If it weren’t for questions about a five-million-dollar fundraising shortfall in covering convention-related costs, and the loss of regular business by establishments located outside the eye of the RNC hurricane, it would be impossible to say that hosting the convention was a bad thing for the city in and of itself. The Trump campaign’s orgy of demagoguery had to be broadcast from somewhere, and was otherwise mostly contained by the walls of Quicken Loans Arena. Downtown Cleveland looked as good as ever and the streets had an undeniably positive feel, even despite the at-first-jarring presence of massive security fences and armies of police imported from all around the nation. (“[The RNC] is like ‘It’s a Small World’ for cops,” noted one visiting journalist.) All else equal, it’s nice to leave your troubles behind, get dressed up, and have folks pay some attention to you every once in awhile. In this sense, Cleveland was properly dressed to the nines and painted the national consciousness red.

But what about the other 98 years per century when a major political party won’t host its national convention here? And what’s so good about free speech on Public Square when it has little to no chance of influencing the public policy set by those inside the arena? Here, the layers of security that radiated from the convention floor, effectively isolating protesters from the convention’s participants, served as an apt metaphor for the resounding success of the Republican Party’s sustained effort to replace the vote with the dollar as the fundamental unit of American democracy. With limits on campaign spending having been obliterated by the Republican project, the barriers between citizens and politicians, politicians and accountability, have never been so impenetrable.

And now that only the most expensive speech is “heard” in any politically meaningful sense, words mean less than ever in the political context. As the cost of political speech skyrockets, its availability and diversity naturally plummets, and a billionaire demagogue can be increasingly sure that the few with the means to counter his emotional appeals with logic will be increasingly less inclined or less able to do so effectively. Which explains as well as anything Trump’s rise to the Republican nomination, culminating in his display in Cleveland last week.

“The crime and violence that afflicts our nation today will soon come to an end.” “Nobody knows the system better than me, which is why I alone can fix it.” “We are going to build a great border wall to stop illegal immigration.” “I’m going to bring our jobs back to Ohio and to America – and I am not going to let companies move to other countries without consequences.” “We are going to Make America Great Again.”

The implausibility of Trump’s claims mattered much less than the context in which they were proclaimed and the feelings they aroused as a result. As Nathan J. Robinson recently pointed out at Current Affairs, “global inequality has risen to the point that nearly all wealth is controlled by a tiny minority of the super-rich, and labor power is in decline.” Yet, the Democratic Party—as beholden as ever to this “tiny minority”—has been largely confined in responding to Trump with an argument that “America is already great.” In the absence of “a compelling alternative vision and program,” says Robinson, “of course people will be susceptible to demagoguery about crime and immigration.” While “Trump ... may have a racist and delusional explanation for the cause of the world’s troubles, [at least he has] an explanation.” And in today’s profoundly warped market for political speech, any old explanation might do.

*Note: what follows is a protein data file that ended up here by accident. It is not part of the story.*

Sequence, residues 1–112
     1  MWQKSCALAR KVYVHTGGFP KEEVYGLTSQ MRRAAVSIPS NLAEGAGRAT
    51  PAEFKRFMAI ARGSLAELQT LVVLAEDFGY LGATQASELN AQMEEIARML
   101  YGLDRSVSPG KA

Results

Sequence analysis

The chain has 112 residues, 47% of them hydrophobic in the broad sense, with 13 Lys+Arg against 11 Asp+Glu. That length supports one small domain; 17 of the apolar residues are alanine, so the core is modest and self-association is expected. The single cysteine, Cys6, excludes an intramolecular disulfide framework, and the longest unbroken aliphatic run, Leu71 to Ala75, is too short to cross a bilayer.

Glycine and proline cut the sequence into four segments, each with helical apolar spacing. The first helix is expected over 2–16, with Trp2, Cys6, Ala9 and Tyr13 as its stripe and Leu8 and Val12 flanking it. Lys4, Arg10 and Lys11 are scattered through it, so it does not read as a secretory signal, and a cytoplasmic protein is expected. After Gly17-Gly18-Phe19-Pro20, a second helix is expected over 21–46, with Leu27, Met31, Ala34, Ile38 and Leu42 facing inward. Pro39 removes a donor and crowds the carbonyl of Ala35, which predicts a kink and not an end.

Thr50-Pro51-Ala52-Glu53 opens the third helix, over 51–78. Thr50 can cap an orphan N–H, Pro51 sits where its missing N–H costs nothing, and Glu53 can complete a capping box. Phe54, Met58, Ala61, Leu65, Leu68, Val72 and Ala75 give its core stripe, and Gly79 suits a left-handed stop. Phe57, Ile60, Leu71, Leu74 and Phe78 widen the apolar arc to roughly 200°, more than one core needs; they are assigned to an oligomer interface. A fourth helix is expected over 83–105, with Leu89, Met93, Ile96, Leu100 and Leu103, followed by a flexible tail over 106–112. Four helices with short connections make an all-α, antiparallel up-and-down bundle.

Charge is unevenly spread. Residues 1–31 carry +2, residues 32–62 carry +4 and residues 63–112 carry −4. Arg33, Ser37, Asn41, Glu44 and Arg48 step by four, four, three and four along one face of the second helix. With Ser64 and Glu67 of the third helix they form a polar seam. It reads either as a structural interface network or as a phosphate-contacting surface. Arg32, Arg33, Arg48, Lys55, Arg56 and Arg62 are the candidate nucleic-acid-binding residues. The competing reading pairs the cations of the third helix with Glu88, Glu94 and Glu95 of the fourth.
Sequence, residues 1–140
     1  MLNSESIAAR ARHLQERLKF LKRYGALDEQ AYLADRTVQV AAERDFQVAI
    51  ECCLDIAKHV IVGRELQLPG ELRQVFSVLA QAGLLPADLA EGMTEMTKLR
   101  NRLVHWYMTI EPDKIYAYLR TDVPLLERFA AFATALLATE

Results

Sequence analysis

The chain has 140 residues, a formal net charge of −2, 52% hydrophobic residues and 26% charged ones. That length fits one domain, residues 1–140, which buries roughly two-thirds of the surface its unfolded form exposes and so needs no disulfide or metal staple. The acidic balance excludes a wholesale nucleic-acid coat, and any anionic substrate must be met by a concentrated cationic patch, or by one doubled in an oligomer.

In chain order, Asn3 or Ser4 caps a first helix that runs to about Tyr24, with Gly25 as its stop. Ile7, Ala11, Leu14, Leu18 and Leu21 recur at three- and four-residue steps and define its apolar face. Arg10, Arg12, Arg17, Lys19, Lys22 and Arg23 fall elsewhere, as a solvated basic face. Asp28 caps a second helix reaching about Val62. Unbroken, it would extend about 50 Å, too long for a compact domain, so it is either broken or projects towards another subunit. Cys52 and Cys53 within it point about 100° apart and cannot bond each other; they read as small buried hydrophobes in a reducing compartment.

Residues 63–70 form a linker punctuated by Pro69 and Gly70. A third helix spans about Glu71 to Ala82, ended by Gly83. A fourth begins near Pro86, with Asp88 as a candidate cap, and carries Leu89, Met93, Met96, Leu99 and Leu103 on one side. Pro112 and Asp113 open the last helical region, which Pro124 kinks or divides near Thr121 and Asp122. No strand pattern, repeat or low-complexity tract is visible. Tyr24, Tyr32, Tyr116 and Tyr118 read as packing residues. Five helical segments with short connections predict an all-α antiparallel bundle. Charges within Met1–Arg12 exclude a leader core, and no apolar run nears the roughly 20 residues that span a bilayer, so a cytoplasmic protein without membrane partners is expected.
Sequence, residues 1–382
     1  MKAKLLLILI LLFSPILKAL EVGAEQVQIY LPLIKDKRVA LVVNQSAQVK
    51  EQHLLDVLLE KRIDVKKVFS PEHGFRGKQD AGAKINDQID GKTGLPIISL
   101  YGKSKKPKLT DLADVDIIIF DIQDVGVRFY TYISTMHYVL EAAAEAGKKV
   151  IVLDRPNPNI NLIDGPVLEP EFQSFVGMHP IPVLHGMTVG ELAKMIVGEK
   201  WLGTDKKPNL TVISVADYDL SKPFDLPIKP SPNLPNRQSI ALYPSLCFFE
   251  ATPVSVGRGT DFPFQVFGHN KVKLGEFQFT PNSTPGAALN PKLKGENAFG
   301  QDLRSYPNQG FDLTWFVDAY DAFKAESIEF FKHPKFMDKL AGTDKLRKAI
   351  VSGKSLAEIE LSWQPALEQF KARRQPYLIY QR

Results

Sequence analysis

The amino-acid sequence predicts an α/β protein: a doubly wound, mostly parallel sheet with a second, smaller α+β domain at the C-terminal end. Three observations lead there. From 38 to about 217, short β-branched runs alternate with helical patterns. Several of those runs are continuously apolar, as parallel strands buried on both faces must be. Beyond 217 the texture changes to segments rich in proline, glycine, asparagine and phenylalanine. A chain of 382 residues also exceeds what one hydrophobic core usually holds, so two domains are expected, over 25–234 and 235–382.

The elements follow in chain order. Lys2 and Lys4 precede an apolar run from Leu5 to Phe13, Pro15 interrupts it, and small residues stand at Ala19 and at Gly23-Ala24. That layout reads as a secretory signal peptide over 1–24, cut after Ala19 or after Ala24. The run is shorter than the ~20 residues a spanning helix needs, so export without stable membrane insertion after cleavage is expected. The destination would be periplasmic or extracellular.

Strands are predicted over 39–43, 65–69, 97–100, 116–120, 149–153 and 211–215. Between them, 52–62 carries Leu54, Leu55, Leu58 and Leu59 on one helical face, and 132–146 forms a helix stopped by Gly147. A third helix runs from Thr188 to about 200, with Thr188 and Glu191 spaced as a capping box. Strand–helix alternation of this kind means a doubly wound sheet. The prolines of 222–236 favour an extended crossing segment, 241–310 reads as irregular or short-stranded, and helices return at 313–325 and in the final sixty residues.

In Donald Trump’s America, you can [heart] free speech all you want, but the speech that really counts is anything but free. And in the absence of meaningful speech, feelings will naturally take over. Regardless of whether Hillary Clinton can figure out how to stir enough emotion to beat him in November, if the barriers to meaningful political participation remain as constructed there will be plenty worse to worry about than a President Trump. 
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Tuesday, July 26, 2016

Timely Cyberthriller ‘Nerve’ Starts Strong Before Fizzling Out

Posted By on Tue, Jul 26, 2016 at 3:54 PM

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Given the way the augmented reality game Pokemon Go has become an overnight sensation, the timing for the release of Nerve, a cyberthriller that opens areawide tomorrow, couldn’t be better.

While the film makes use of some clever visuals and constantly switches point of view to capture the action as contestants in the “truth or dare” like game engage in a variety of outreagous stunts, it ultimately settles for clichés about the dangers of technology.

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Pop/Rock Act Marianas Trench Gets Personal on 'Astoria'

Posted By on Tue, Jul 26, 2016 at 1:25 PM

BMF MEDIA
  • BMF Media
The guys in the pop-rock act Marianas Trench were just teenagers when the band first formed in Vancouver in 2001. While the songs on their 2006 debut, Fix Me, suggest a certain innocence, the guys sound all grown up on their latest offering, last year’s Astoria. They play with singer Skylar Stecker at 8 p.m. on Sunday at House of Blues.

A press release announcing the album claims it’s “about completely falling to pieces, and picking yourself back up again.” Singer-guitarist Josh Ramsay, who received a Grammy nomination in 2013 for co-writing and producing Carly Rae Jepsen’s breakthrough hit “Call Me Maybe,” wrote songs that chronicled both the break-up of a relationship and his mother’s struggles with a terminal disease.